I agree with many of her grumblings about the industry, but I disagree with Edelkoort’s conclusion that we should distance ourselves from "fashion" and focus on "clothing". I don’t think fashion will ever be dead, and I don’t think we should want it to be, either. It is far more productive to consider the creativity and innovation that are hallmarks of fashion as invaluable skills for solving the many shortcomings of the industry, particularly the social and environmental devastation it causes.

These productive traits of fashion are also useful for weathering the end of the world as we know it – which itself is an ideal time to change the way things are done.  Depending on where one lives, weathering the future storms will include adjustments to warmer or colder, wetter or dryer climates, as well as socio-political upheaval. Future fashion solutions may be able to offer both physical and social comfort as we adjust to uncertain times.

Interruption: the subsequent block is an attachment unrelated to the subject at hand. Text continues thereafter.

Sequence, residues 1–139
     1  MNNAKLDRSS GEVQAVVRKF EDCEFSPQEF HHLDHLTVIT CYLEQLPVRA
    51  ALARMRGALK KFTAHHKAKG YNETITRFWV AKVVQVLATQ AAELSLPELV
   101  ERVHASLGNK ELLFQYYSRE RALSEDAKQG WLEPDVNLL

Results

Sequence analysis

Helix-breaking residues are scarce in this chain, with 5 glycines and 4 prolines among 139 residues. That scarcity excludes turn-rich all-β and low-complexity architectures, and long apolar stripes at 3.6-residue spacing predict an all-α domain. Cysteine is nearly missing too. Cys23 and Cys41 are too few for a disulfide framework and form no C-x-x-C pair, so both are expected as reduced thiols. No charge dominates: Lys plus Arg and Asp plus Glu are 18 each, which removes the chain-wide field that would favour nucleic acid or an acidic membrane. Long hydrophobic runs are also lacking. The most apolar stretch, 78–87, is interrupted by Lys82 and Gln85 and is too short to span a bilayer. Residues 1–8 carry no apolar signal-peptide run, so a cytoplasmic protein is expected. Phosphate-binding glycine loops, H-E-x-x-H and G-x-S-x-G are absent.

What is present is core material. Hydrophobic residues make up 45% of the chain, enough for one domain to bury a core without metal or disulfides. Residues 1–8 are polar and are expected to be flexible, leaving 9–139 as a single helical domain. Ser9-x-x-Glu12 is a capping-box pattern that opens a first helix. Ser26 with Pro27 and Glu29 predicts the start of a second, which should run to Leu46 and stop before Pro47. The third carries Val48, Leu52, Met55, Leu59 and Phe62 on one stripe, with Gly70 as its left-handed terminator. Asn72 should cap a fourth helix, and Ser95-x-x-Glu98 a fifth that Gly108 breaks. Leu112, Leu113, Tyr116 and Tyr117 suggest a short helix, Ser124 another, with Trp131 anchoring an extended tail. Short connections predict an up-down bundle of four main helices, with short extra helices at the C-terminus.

Future of Fashion : A Manifesto
  1. (Re)Create
    Rethinking waste is one of the most impactful means of weathering a future with overflowing landfills. Experimental label Maison Briz Vegas was influenced in part by Gay Hawkins’ Ethics of Waste and actively work with waste to overcome the guilt associated with it and work towards an enchantment with waste. As Carla Binotto, one half of the duo explains, “A constant motivation for the two designers is transforming the humble and discarded into something rich and beautiful.” The pieces are created with secondhand clothing that are broken down, block printed by hand, and recreated into new pieces, often embellished with other waste including plastic bags and milk cartons.

    Other examples of (re)creating with waste include labels that use excess, deadstock or offcut fabric, like Sheila Forever (pictured below), and the recycling of waste into new fibers, including brands like Patagonia, Teeki, and Adidas in using recycled plastic bottles and ocean waste in their polyester fibers.

  2. Collaborative Kinship